Philip HopkinsBMJ 2007; 335 doi: https://doi.org/10.1136/bmj.39309.543090.BE (Published 23 August 2007) Cite this as: BMJ 2007;335:404
- Paul Foster
When he was a 7 year old boy, Philip Hopkins made his decision to become a doctor, inspired by the surgeon looking after him who presented him with a Book of Heroes. Philip went on to a fulfilling career spanning five decades. He also became an inspiration for others. These early themes, determination, courage, and inspiration informed his entire professional life, and in challenging times sustained him personally.
Philip Hopkins was a founding member of the Royal College of General Practitioners and was awarded its fellowship in 1969. He was the founder and first president of the Balint Society. He was also a founding member of the Psychomatic Research Society. He pioneered cryosurgery in general practice in the United Kingdom and was elected a fellow of the American College of Cryosurgery. He was a dedicated man who enjoyed wide ranging professional interests, and for whom medicine and general practice was a way of life.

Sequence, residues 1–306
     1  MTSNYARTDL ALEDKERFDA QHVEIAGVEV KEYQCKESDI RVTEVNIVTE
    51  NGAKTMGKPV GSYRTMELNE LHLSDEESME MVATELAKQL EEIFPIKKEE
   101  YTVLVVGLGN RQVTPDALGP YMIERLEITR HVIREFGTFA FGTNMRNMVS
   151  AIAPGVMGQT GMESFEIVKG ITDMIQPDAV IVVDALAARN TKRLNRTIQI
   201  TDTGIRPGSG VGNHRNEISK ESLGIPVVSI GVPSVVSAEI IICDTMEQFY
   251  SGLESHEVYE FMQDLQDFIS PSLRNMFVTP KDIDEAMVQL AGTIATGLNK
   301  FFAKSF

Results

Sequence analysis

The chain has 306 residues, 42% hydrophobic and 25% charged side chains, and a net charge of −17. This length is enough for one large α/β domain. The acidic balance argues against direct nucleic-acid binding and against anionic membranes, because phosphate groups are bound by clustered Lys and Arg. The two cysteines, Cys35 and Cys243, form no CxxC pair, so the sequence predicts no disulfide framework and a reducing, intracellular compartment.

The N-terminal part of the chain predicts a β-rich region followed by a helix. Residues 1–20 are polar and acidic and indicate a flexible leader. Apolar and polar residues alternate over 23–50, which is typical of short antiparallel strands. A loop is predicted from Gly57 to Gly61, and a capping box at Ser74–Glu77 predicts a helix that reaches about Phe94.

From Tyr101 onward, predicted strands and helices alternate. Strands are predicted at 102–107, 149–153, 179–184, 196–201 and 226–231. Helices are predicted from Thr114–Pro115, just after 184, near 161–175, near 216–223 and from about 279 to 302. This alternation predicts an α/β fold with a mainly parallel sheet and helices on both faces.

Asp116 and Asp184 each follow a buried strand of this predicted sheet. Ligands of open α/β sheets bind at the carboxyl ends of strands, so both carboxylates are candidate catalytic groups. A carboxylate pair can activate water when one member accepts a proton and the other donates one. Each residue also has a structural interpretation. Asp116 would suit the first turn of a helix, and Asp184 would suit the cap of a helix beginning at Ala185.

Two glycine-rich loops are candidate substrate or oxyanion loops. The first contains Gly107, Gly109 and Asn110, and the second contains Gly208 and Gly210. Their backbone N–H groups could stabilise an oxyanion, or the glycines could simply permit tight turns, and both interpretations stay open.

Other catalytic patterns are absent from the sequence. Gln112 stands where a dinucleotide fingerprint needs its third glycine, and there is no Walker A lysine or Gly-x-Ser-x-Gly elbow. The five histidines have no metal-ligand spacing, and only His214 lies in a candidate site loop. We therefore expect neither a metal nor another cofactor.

Philip began his training in medicine at Guy's Hospital during the second world war. At this time he took on additional duties as an air raid warden and was stationed on the roof of the hospital. There he spent many nights kicking away firebombs in the available 10 s before explosion, a different sort of training and not for the fainthearted. This seemed to set the scene for all that lay ahead because in his lifelong dealings with the National Health Service, with colleagues, and …
Log in using your username and password
Log in through your institution
Register for a free trial to thebmj.com to receive unlimited access to all content on thebmj.com for 14 days.
Sign up for a free trial